How to create a Box and Whisker Plot in Tableaumengjiao.fu
[box type=”note” align=”” class=”” width=””]This article is an excerpt from a book written by Shweta Sankhe-Savale, titled Tableau Cookbook – Recipes for Data Visualization. With the recipes in this book, learn to create beautiful data visualizations in no time on Tableau.[/box]
In today’s tutorial, we will learn how to create a Box and Whisker plot in Tableau.
The Box plot, or Box and Whisker plot as it is popularly known, is a convenient statistical representation of the variation in a statistical population. It is a great way of showing a number of data points as well as showing the outliers and the central tendencies of data.
This visual representation of the distribution within a dataset was first introduced by American mathematician John W. Tukey in 1969. A box plot is significantly easier to plot than say a histogram and it does not require the user to make assumptions regarding the bin sizes and number of bins; and yet it gives significant insight into the distribution of the dataset.
The box plot primarily consists of four parts:
The median provides the central tendency of our dataset. It is the value that divides our dataset into two parts, values that are either higher or lower than the median. The position of the median within the box indicates the skewness in the data as it shifts either towards the upper or lower quartile.
The upper and lower quartiles, which form the box, represent the degree of dispersion or spread of the data between them. The difference between the upper and lower quartile is called the Interquartile Range (IQR) and it indicates the mid-spread within which 50 percentage of the points in our dataset lie.
The upper and lower whiskers in a box plot can either be plotted at the maximum and minimum value in the dataset, or 1.5 times the IQR on the upper and lower side. Plotting the whiskers at the maximum and minimum values includes 100 percentage of all values in the dataset including all the outliers. Whereas plotting the whiskers at 1.5 times the IQR on the upper and lower side represents outliers in the data beyond the whiskers.
The points lying between the lower whisker and the lower quartile are the lower 25 percent
of values in the dataset, whereas the points lying between the upper whisker and the upper
quartile are the upper 25 percent of values in the dataset.
In a typical normal distribution, each part of the box plot will be equally spaced. However, in
most cases, the box plot will quickly show the underlying variations and trends in data and
allows for easy comparison between datasets:
Create a Box and Whisker plot in a new sheet in a workbook.
For this purpose, we will connect to an Excel file named Data for Box plot & Gantt chart, which has been uploaded on https://1drv.ms/f/ s!Av5QCoyLTBpnhkGyrRrZQWPHWpcY.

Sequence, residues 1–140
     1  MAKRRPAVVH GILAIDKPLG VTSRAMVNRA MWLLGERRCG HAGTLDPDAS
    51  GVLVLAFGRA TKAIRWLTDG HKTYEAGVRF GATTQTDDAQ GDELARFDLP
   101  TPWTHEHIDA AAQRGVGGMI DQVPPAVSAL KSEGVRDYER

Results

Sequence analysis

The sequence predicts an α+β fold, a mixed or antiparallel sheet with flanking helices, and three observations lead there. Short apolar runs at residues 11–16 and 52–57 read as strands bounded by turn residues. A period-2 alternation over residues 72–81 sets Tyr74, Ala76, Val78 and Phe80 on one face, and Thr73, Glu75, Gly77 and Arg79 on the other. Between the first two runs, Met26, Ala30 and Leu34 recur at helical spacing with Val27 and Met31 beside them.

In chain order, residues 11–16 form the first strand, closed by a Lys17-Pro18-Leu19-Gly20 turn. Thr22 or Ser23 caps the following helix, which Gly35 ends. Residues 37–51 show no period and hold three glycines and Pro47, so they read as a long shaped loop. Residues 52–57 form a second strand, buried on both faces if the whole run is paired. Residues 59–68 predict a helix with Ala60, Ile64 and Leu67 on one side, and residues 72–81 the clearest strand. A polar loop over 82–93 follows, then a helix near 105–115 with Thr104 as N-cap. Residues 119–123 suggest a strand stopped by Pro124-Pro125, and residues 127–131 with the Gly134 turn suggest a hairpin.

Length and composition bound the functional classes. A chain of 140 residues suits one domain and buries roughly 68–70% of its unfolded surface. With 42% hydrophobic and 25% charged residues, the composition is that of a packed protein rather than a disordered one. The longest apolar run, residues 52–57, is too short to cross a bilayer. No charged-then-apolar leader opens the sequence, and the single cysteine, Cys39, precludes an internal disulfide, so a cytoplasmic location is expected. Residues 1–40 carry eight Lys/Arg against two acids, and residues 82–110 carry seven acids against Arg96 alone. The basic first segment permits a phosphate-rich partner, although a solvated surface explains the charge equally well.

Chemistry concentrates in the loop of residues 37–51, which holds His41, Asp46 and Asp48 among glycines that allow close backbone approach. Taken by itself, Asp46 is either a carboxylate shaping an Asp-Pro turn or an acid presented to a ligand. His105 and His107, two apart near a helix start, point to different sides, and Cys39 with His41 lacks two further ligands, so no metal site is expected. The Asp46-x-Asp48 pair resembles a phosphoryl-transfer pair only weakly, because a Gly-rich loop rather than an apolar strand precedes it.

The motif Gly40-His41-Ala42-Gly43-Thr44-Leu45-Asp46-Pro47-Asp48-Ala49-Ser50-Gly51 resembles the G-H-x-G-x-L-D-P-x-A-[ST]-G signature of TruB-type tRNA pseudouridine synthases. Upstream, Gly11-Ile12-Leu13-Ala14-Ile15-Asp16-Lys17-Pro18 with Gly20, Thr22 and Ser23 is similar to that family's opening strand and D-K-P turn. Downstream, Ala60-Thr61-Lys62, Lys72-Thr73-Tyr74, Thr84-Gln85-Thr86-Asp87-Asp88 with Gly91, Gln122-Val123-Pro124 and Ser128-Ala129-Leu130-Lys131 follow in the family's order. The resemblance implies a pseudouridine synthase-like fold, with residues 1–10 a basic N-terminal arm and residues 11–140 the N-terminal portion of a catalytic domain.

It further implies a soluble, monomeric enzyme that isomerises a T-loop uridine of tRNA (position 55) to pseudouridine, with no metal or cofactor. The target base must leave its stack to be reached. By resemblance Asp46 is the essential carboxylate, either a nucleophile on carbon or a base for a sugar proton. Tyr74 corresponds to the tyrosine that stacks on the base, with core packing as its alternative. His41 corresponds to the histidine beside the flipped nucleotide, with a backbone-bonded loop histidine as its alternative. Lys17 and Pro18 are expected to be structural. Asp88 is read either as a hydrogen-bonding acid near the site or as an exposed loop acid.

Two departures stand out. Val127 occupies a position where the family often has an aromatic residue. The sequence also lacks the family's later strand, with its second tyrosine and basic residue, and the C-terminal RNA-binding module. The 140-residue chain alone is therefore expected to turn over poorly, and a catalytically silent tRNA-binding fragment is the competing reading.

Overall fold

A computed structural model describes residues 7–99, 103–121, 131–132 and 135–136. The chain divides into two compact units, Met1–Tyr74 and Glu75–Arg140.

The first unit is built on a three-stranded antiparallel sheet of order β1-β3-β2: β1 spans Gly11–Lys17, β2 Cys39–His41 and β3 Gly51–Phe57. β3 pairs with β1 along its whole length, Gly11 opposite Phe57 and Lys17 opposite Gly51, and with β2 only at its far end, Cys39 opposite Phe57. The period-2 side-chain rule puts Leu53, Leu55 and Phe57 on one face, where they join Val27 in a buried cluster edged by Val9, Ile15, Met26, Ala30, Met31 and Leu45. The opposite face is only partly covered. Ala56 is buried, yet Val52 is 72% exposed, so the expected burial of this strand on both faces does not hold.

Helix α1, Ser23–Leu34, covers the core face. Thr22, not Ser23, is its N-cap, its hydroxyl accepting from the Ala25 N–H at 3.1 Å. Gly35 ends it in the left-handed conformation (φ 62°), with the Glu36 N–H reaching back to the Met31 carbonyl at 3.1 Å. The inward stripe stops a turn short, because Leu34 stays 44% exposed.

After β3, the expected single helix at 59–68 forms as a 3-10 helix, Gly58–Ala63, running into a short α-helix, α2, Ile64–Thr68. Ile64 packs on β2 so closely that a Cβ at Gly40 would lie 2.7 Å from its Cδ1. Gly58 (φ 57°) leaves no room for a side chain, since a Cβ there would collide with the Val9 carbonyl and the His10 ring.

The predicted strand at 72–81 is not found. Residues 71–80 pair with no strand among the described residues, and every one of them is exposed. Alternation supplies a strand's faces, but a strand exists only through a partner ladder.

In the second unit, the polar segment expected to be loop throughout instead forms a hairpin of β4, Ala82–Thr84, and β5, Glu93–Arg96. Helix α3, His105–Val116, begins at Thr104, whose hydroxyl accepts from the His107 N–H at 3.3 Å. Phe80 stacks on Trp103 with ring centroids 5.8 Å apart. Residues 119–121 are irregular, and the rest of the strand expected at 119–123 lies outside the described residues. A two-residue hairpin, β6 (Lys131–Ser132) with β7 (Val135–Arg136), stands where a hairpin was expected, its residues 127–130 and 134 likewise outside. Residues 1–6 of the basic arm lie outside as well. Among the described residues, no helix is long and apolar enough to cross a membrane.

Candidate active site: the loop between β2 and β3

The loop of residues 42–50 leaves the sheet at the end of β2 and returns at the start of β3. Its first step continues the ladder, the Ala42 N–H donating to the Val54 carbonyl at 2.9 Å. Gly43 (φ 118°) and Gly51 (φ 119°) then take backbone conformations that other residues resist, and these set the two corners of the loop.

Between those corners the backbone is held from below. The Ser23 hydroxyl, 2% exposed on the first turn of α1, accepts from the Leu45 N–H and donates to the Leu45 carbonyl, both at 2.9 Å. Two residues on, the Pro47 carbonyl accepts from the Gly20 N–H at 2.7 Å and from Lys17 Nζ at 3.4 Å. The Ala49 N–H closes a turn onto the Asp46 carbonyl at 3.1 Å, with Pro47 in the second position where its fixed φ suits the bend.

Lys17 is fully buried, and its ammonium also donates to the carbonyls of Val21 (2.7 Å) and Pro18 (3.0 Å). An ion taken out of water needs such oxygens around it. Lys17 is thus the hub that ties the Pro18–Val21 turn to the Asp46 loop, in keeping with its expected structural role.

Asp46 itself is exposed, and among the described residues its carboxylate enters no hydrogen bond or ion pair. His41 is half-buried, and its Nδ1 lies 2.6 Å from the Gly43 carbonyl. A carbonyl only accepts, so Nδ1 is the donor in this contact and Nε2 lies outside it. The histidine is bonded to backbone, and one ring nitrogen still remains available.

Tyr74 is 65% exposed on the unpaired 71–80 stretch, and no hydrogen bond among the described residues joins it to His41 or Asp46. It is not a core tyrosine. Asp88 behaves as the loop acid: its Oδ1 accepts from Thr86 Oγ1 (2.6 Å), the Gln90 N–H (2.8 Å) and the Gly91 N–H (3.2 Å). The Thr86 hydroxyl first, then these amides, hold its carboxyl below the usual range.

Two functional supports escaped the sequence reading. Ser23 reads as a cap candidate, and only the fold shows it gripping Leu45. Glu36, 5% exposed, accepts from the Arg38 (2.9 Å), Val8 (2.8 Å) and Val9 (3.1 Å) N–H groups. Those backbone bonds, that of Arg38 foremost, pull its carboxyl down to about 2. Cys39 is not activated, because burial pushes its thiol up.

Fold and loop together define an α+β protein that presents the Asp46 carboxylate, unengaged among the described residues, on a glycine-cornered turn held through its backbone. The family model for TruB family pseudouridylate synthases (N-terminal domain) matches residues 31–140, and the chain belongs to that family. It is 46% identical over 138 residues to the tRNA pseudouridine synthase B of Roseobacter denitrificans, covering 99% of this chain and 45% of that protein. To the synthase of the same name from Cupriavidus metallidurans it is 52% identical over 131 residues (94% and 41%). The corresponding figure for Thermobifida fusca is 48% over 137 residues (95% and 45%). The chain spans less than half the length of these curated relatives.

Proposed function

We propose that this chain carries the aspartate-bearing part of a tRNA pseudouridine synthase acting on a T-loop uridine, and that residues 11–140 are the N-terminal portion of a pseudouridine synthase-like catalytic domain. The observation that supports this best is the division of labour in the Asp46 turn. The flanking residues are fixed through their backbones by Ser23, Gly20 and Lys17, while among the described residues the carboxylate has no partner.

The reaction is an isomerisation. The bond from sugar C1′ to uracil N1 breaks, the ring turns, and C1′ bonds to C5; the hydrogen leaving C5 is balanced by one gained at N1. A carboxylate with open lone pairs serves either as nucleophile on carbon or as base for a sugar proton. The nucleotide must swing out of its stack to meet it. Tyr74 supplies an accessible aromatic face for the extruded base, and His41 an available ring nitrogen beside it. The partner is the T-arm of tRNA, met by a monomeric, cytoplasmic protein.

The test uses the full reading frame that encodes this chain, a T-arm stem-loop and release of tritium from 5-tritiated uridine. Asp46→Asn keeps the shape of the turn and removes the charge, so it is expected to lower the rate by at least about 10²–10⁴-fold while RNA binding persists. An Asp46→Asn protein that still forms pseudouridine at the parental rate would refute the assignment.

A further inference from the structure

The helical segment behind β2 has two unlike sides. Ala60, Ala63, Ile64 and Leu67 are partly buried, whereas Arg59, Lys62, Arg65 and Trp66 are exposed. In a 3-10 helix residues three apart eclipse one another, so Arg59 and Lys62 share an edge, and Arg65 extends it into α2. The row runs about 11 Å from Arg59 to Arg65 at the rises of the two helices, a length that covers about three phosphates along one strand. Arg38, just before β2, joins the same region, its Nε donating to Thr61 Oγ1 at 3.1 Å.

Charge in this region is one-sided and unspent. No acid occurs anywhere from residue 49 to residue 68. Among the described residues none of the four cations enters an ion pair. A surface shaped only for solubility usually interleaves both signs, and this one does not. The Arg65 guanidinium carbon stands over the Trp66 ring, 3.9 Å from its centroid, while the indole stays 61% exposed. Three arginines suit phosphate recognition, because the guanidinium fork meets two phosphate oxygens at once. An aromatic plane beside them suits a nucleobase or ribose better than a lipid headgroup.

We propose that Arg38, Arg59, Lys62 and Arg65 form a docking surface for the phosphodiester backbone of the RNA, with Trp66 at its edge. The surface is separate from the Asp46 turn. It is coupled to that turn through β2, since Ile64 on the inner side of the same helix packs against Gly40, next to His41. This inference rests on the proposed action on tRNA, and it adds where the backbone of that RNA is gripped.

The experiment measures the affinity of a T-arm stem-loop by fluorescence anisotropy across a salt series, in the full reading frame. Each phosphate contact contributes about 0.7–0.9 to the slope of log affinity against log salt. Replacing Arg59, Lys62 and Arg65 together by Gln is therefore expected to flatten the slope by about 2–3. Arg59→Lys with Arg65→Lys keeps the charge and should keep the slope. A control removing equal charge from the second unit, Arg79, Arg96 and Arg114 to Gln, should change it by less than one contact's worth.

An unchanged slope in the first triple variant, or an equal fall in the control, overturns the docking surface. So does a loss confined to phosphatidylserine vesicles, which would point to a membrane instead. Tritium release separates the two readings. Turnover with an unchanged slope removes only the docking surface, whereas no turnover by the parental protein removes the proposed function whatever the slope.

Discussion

Let us save this Excel file in Documents | My Tableau Repository | Datasources | Tableau Cookbook data folder.
The data contains information about customers in terms of their gender and recorded weight. The data contains 100 records, one record per customer. Using this data, let us look at how we can create a Box and Whisker plot.
How to do it
Once we have downloaded and saved the data from the link provided in the Getting ready section, we will create a new worksheet in our existing workbook and rename it to Box and Whisker plot.
- Since we haven’t connected to the new dataset yet, establish a new data connection by pressing Ctrl + D on our keyboard.
- Select the Excel option and connect to the Data for Box plot & Gantt chart file, which is saved in our Documents | My Tableau Repository | Datasources | Tableau Cookbook data folder.
- Next let us select the table named Box and Whisker plot data by doubleclicking on it.
- Let us go ahead with the Live option to connect to this data.
- Next let us multi-select the Customer and Gender field from the Dimensions pane and the Weight from the Measures pane by doing a Ctrl + Select. Refer to the following image:
6. Next let us click on the Show Me! button and select the box-and-whisker plot. Refer to the highlighted section in the following image:
7. Once we click on the box-and-whisker plot option, we will see the following view:
How it works
In the preceding chart, we get two box and whisker plots: one for each gender. The whiskers are the maximum and minimum extent of the data. Furthermore, in each category we can see some circles, which are essentially representing a customer. Thus, within each gender category, the graph is showing the distribution of customers by their respective weights. When we hover over any of these circles, we can see details of the customer in terms of name, gender, and recorded weight in the tooltip. Refer to the following image:
However, when we hover over the box (gray section), we will see the details in terms of median, lower quartiles, upper quartiles, and so on. Refer to the following image:
Thus, a summary of the box plot that we created is as follows:
In more simple terms, for the female category, the majority of the population lies between the weight range of 44 to 75, whereas for the male category, the majority of the population lies between the weight range of 44 to 82.
|Please note that in our visualization, even though the Row shelf displays SUM(Weight), since we have Customer in the Detail shelf, there’s only one entry per customer, so SUM(Weight) is actually the same as MIN(Weight), MAX(Weight), or AVG(Weight).|
We learnt the basics of Box and Whisker plot and how to create them using Tableau. If you had fun with this recipe, do check out our book Tableau Cookbook – Recipes for Data Visualization to create interactive dashboards and beautiful data visualizations with Tableau.